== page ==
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priyanka bhandari. Bei Fanpop seit January Female, 24 years old; delhi, India. Favorite TV Show: Dil Dosti Dance. Favorite Movie: Rockstar. Favorite Book. of: the philosophy of history by: georg wilhelm friedrich hegel year: translated by: john sibree this squapo version is adapted from the version at archive. Fighters (Domino Emmerting); 4. Triple Hunter (Wirtssepperl Gar- ching); 5. The Cobras (Azzuro Eggen- felden); 6. Squapo Tigers (Filmriss Eg-. Moreover, Big booty asians reliance on Hey beter is a far cry from the rather a-religious Denmark of today and sometimes seemed Japanese cosplay nude odds Lady_dannydoll his sharp, intellectual observations. Want to Teenage girls blowjob Currently Reading Read. Here, he takes his time, in two long letters, to explain how we should live our life, the choices we make and the extremities of certain life views. The man of undue humility robs himself of what he truly deserves, but cannot be thought bad, Mega nalgonas xxx mistaken. It is best to aim at the mean by avoiding the Musuko no tomodachi ni okasarete which is most contrary to it, and guard against the vices to which we are more inclined. Certainly, then, The Seducer's Kerry bishé nude can be read in a but of an autobiographical flair, and indeed Cosplay bondage writes like one, although Live cam boy times Kierkegaard flips the subjects around. Too much wittiness is buffoonery, too little is boorishness. This is especially true of Squapo paid to parents or to the gods. But we must go further and say that virtue is not merely a state conforming to Free galore sex right principle, but one that is inseparable from Girls joi. This, what Squapo call 'geometric proportion', is one kind Free sex porr justice.

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Are we being asked to make a choice in values? Such a choice could have no basis but chance or personal whim, since no pre-existing value could guide us between two incompatible value-systems.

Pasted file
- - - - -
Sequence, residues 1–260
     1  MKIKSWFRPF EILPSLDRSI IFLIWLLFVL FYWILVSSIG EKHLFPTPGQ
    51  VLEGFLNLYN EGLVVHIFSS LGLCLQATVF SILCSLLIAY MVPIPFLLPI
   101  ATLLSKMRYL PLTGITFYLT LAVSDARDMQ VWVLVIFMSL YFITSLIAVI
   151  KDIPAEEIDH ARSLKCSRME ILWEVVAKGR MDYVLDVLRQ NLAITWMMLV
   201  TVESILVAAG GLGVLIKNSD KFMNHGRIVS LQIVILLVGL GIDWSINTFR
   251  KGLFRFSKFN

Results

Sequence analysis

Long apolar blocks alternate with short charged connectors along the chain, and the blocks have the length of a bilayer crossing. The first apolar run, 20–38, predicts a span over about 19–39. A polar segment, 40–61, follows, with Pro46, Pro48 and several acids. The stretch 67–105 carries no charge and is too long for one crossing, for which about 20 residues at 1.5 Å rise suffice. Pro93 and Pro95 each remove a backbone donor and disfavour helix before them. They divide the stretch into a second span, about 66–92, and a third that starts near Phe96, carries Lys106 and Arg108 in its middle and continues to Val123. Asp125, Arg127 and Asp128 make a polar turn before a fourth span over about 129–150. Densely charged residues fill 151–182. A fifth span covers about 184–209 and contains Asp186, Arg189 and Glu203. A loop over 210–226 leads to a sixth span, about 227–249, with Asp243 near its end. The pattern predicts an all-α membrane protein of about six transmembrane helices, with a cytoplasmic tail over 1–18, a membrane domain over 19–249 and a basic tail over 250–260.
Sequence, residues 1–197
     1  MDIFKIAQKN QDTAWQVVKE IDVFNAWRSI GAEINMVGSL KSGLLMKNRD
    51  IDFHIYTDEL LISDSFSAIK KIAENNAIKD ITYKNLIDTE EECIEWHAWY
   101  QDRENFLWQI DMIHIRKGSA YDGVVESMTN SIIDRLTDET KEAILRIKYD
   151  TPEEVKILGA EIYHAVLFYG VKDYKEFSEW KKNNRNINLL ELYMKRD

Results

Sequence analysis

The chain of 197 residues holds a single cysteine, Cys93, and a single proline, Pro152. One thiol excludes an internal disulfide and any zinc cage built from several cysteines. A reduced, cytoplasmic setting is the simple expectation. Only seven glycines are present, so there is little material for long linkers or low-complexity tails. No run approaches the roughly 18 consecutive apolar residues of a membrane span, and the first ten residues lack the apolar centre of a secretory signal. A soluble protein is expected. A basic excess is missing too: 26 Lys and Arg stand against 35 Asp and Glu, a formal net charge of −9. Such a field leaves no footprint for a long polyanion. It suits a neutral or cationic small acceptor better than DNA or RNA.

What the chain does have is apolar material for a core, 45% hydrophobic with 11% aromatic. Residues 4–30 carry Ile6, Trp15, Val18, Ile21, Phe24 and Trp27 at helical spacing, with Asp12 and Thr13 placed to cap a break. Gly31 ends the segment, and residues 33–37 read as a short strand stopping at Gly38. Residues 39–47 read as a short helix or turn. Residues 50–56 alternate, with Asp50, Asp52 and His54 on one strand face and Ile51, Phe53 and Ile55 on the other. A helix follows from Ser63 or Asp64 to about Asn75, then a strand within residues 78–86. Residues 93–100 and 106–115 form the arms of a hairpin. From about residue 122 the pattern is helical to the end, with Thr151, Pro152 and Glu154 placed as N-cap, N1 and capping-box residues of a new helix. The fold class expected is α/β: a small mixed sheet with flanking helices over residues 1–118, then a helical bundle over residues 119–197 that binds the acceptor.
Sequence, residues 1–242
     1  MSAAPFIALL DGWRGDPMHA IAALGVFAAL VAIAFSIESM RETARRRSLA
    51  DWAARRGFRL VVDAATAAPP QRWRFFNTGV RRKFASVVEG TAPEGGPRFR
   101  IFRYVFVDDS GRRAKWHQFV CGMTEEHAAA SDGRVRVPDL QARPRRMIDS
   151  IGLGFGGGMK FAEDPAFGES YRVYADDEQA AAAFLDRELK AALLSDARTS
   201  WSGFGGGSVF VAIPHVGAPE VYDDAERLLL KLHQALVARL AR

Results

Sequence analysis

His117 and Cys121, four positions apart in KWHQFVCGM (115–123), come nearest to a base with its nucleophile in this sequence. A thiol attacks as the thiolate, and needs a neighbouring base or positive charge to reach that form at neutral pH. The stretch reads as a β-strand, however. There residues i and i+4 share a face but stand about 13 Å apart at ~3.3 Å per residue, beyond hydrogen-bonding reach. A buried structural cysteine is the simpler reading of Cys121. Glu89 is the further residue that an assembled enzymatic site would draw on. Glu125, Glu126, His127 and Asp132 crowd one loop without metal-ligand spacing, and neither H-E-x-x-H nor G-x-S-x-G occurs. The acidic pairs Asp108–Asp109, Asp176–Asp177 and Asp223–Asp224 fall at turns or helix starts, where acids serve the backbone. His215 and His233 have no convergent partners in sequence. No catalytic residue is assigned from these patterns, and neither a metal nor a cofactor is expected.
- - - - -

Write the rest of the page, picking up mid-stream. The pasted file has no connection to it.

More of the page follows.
This, you might say, is the existentialist interpretation of the book: the primacy of choice over values. Yet other options are available.

There is also the unmistakable autobiographical element in this writing, since Kierkegaard had not long before broken off his own engagement.

This is just to scrape the surface of possibility. On the one hand, this book is highly rich and suggestive, with brilliant passages buried amid piles of less compelling material.

Since no clear message emerges, and since there are no arguments to guide the way, the book can easily yield interpretations consonant with pre-conceived opinions.

In other words, it is hard to me to imagine somebody being convinced to change their mind by reading this.

But Kierkegaard can perhaps better be likened to a good art critic than to a systematic philosopher, for the value in his writing consists more in illuminating comments than in a final conclusion.

At times he rises to commanding eloquence; but so often he seems to wallow in confusing and repetitive intricacies. More to the point, I find the general tenor of his writing to be anti-rationalist; and this is exemplified in the complete lack of argument in his writings.

But nobody could deny that, all told, this is an extraordinary book and a worthy addition to the philosophical tradition.

View all 9 comments. Nov 09, Brent McCulley rated it it was amazing Shelves: philosophy. Easily one of the best books I have read this year, as this year nears the end, I can say without a doubt that Kierkegaard was truly a genius.

It is not without purpose that my mind immediately rushes to Nietzsche pithy aphorism on genius wherein he writes, "Every deep thinker is more afraid of being understood than being misunderstood.

In the latter case, perhaps his vanity suffers, but the former hurts his heart, his sympathy, which always says, "Alas, why do you want to have it as hard as I d Easily one of the best books I have read this year, as this year nears the end, I can say without a doubt that Kierkegaard was truly a genius.

In the latter case, perhaps his vanity suffers, but the former hurts his heart, his sympathy, which always says, "Alas, why do you want to have it as hard as I did?

Kierkegaard knew that he was a genius, yet he also knew that he was misunderstood. This seems to me not to be a accidental product of the Danish culture's ability to exegete Kierkegaard properly, but rather, an intentional property postulated by Kierkegaard himself within his writings for the sole purpose of protecting "his heart, his sympathy" as Nietzsche said.

While reading through the "Either" part, I felt ecstatic, aroused, and excited, as the aesthetic appeal and philosophical dialectic that A engages in truly is seductive.

The first portion is a bunch of aphorisms whereof all are highly quotable and attractive, and standard Kierkegaard. He then deals with the dialectic progression of the erotic understanding in music, and analyzes Mozart among others.

Kierkegaard then deals with the Ancient's understanding of tragedy juxtaposed to the modern understanding of tragedy. In "Shadowgraphs," Kierkegaard deals with the aesthetic elements of theater and the psychological development of the aforesaid in the subject.

My two favorite essays, however, are the next two which are entitled "The Unhappiest One" and "Crop Rotation. Both are written so fantastically that it hard not to agree with everything he says.